High cholesterol in children
Clinical signs of atherosclerosis — fatty build-ups in the arteries — can sometimes be seen as early as childhood. These fatty build-ups lead to a progressive narrowing and hardening of the arteries that can cause premature death or disability through heart attack or stroke.
The same risk factors that put adults at risk of developing atherosclerosis also put children at risk. These risk factors include high blood pressure, obesity, cigarette smoking, diabetes and high cholesterol. Some children will be more at risk because of a genetic (inherited) predisposition to high blood cholesterol.
High blood cholesterol levels in children make these fatty build-ups in the arteries more likely and there is evidence that the process of atherosclerosis can start in childhood and then progress slowly into adulthood.
Just as for adults, in children with high cholesterol, the higher the number of cardiovascular risk factors, the greater the risk of atherosclerosis, even though there may be no symptoms. For example, an overweight teenager who has raised cholesterol levels and smokes is likely to have more fatty deposits in their arteries than a similar aged non-smoker with a healthy body weight, who might also have an elevated cholesterol level.
Testing cholesterol in children
Most children do not need to be tested for blood cholesterol levels. However, children with diabetes or children who have a first-degree relative (parent, brother or sister) who has had coronary heart disease before the age of 60 may be tested to identify whether any steps should be taken to prevent future heart disease. Testing may also be recommended for children with a family history of high cholesterol. Testing may also be appropriate in other conditions such as liver or thyroid disease, or chronic kidney disease.
Testing is usually unnecessary for children under 2 years old, as they should not undergo dietary restrictions prior to that age because they have special nutritional needs for fat.
There is some evidence to show that testing of adolescent blood cholesterol levels can be inaccurate as the hormonal changes at puberty can mask high blood cholesterol levels. This means that there is a risk of getting a falsely low cholesterol reading, so teenagers at high risk of heart disease should be tested again after reaching young adulthood to get a more accurate result.
All children, but particularly those with elevated cholesterol levels, should be encouraged to lead an active lifestyle and follow a healthy diet. And, of course, smoking should be strongly discouraged.
A heart-healthy diet means eating less saturated fat, less total fat and less cholesterol. This can be achieved by eating lean meat, a wide variety of fruits, vegetables and wholegrain cereal products, using low-fat dairy products, eating fish 2-3 times a week, and limiting snack food, takeaway food, cakes and biscuits. Such a diet also has the added advantages of meeting the increased needs of children and teenagers for nutrients such as calcium, iron and zinc.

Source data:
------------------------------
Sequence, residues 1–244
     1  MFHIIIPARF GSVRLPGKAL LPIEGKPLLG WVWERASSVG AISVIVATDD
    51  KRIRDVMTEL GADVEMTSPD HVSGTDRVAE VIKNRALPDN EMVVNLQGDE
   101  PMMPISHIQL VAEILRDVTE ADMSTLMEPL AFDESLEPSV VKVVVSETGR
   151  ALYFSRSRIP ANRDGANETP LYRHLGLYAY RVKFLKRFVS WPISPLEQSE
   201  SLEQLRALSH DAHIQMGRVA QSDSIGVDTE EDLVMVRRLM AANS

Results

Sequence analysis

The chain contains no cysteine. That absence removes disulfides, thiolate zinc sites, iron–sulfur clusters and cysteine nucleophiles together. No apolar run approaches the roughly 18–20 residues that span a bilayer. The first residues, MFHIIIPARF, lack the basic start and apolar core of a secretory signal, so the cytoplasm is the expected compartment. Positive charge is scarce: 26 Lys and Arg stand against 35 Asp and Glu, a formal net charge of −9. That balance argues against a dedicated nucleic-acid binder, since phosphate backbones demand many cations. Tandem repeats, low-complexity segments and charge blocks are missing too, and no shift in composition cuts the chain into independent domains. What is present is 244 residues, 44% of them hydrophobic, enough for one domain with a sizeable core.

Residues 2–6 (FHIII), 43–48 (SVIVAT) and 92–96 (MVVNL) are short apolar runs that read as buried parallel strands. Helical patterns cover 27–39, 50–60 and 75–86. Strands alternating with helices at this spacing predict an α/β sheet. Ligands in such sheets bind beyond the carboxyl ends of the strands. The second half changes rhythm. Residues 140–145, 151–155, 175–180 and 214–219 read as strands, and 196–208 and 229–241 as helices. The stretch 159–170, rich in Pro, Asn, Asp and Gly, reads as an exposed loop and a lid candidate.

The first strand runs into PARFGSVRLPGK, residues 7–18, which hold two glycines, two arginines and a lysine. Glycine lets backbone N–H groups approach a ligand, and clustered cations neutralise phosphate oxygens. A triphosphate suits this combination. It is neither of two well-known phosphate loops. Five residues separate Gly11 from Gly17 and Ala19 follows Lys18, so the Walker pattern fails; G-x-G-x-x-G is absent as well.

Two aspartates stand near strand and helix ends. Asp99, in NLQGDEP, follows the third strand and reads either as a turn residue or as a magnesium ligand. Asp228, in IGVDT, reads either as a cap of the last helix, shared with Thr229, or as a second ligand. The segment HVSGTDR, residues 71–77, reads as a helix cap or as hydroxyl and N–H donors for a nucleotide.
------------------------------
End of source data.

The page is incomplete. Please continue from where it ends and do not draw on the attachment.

Research has also shown that cholesterol-lowering products enhanced with plant sterols can reduce cholesterol levels. In Australia, the foods that are approved for enrichment with plant sterols include margarine spreads, breakfast cereal, low-fat yogurt, low-fat milk, lower fat cheese and processed cheese. Most children do not need these products, but they may be useful in the diets of children with elevated cholesterol. However, studies have found that the cholesterol-lowering effect of these products is reduced in children compared with adults. Longer term studies are required to evaluate the safety of plant sterols in children.
As well as dietary restrictions, encouraging regular aerobic exercise and reducing the number of hours that children spend watching the television or using the computer can also help reduce their risk of cardiovascular disease.
Obese children and adolescents are more likely to have poorer health as adults, regardless of whether they are obese as an adult or not.
For some children, lifestyle measures alone will not be enough to reduce cholesterol levels. The choice to use medication to treat high cholesterol in children depends on various factors including age, cholesterol level and the presence or absence of other risk factors for cardiovascular disease. This decision is usually made by a cardiologist specialising in children.
A class of medicine called ‘statins’, used to treat high cholesterol in adults, can be used to treat elevated cholesterol in children. A child taking a statin medicine will need to be monitored for side effects and have blood tests periodically.
Another type of medicine that may be used is a bile-acid binding resin, but this type of medicine is often not tolerated well by children due to its side effects.
Other types of medicines used to treat high cholesterol in adults are undergoing further investigation to see whether they can be used safely in children.
2. Cardiac Society of Australia and New Zealand. Guidelines for the diagnosis and management of familial hypercholesterolaemia (reviewed 26 Nov 2010). http://www.csanz.edu.au/Portals/0/Guidelines/Practice/Diagnosis%20and%20Management%20of%20Familial%20Hypercholesterolemia.pdf (accessed Mar 2013).
3. American Heart Association. Children and cholesterol (updated 8 Feb 2012). http://www.heart.org/HEARTORG/Conditions/Cholesterol/UnderstandYourRiskforHighCholesterol/Children-and-Cholesterol_UCM_305567_Article.jsp (accessed Mar 2013).
4. Food Standards Australia New Zealand. Plant sterols (updated Nov 2011). http://www.foodstandards.gov.au/scienceandeducation/factsheets/factsheets/plantsterols2011.cfm (accessed Mar 2013).